ELIZABETH: Exactly. So many people really want to talk about this, but they don’t know how to, because it has been abomination for so long. Very many people don’t know how to quite approach it. So I encourage people, you know, share your stories, share your expertise, join us in the movement, let’s talk, let’s keep talking. With mental health, it comes down to as long as you keep talking, change will happen, so let’s keep talking.

One of the lessons I’ve learned very early on as a social entrepreneur is use everything you can, and since traditional media, like newspapers and TV, is expensive, and social media is literally free, one of the first ways we established ourselves was using digital tools. So, I would say, it really helped us make big strides, ’cause it got us noticed, and it helped us get the right people interested, just by that visibility.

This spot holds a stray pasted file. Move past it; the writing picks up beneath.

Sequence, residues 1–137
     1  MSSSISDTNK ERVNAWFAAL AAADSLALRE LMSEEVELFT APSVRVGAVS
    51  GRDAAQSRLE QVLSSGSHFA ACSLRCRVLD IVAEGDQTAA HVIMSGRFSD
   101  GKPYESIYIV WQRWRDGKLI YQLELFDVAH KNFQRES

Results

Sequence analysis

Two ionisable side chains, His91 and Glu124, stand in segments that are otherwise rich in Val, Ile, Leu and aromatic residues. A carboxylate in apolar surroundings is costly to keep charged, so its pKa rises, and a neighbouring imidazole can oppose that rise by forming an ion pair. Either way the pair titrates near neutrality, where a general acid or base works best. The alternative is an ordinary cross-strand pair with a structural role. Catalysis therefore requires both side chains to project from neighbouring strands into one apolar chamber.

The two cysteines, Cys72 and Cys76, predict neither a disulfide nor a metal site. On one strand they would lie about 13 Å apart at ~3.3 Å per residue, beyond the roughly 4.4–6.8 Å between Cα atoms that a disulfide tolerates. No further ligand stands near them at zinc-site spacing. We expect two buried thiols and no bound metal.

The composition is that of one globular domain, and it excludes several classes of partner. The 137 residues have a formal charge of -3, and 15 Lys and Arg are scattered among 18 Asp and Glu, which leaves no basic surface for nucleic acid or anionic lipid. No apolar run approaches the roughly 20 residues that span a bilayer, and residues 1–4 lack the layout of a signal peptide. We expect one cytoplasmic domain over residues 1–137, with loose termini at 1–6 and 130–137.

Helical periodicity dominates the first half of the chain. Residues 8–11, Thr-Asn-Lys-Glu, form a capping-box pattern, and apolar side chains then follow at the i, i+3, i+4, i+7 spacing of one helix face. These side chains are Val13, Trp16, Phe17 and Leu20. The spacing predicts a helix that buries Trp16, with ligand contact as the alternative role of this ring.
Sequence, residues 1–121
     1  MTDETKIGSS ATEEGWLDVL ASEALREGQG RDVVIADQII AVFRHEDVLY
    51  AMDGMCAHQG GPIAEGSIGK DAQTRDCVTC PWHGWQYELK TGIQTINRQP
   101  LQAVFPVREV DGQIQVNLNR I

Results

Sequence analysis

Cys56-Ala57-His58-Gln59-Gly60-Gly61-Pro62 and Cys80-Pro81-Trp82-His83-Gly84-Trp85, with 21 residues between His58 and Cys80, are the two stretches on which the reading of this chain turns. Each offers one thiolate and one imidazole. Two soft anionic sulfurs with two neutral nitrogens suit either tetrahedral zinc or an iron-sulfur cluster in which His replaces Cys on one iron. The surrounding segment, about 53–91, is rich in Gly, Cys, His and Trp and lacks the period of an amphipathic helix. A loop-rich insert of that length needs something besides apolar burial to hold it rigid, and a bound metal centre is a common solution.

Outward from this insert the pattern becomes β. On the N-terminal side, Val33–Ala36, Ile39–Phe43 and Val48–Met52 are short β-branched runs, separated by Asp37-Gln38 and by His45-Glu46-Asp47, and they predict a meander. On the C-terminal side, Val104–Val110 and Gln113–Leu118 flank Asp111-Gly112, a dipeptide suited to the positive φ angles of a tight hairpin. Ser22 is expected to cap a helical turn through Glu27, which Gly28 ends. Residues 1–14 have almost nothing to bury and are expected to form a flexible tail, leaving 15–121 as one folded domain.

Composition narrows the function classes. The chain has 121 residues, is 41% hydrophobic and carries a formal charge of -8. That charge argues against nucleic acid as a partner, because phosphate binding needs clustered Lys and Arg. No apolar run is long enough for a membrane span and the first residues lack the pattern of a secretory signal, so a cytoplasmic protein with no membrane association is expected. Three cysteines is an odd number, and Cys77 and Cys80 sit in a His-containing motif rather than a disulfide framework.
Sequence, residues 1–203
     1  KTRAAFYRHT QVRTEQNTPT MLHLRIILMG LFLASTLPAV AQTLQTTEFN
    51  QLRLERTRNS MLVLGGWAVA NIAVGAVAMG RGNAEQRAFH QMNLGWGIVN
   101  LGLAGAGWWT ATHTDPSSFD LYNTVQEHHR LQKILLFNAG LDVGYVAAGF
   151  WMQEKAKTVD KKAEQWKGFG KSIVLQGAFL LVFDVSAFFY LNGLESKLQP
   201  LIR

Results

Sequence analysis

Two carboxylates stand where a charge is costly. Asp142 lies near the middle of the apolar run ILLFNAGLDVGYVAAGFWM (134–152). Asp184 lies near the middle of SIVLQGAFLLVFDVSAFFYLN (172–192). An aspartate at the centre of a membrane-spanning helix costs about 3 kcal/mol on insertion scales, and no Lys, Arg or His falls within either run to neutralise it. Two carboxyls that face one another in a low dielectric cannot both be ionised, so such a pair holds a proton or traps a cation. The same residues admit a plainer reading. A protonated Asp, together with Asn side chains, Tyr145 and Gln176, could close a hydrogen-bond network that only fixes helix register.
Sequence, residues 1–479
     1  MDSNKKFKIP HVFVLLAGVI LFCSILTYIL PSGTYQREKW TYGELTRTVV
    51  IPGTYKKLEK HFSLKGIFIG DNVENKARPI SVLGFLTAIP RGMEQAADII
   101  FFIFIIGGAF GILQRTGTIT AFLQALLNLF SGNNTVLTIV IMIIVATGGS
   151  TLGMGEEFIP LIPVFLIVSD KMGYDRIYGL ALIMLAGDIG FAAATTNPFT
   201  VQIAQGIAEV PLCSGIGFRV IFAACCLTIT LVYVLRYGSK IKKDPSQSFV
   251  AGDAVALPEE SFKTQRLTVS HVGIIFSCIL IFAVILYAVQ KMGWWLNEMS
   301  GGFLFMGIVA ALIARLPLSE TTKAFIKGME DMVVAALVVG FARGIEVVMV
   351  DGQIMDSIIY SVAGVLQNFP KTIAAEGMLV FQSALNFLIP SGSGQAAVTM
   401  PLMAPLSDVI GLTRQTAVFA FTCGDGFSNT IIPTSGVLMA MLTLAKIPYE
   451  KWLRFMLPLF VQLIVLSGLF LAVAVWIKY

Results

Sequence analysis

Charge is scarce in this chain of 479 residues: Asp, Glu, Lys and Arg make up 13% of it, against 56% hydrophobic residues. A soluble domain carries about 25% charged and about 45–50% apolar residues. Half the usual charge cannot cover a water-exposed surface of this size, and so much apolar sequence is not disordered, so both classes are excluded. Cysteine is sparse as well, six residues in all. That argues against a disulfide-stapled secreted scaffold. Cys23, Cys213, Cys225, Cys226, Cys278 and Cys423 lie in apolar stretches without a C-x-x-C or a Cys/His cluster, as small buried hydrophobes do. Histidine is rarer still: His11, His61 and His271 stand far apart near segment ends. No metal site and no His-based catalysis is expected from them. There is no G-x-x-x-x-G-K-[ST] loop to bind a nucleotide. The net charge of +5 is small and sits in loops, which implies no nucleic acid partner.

So, with that, I would just like to encourage all other entrepreneurs, put yourself out there. You don’t need to first accumulate so much money. You can start with, like you mentioned, your Facebook, Twitter. If you have pictures, you do Instagram, Pinterest, WhatsApp, you get your message out every way you can.


BAKARY: What ideas do you have in terms of collaborating with the YALI Network?

ELIZABETH: The YALI Network is amazing. It is huge. It is beyond the 1,000 people that we have here. And it’s been amazing meeting people like you, Bakary. On day one, when we had those caucuses where we could all meet in our different sectors and talk to the people, I met other people who are working in the mental health space and are as deeply inspired. So, I’ve been connecting with so many people here. You’ll find that you don’t have to be a public health specialist to make a difference in mental health.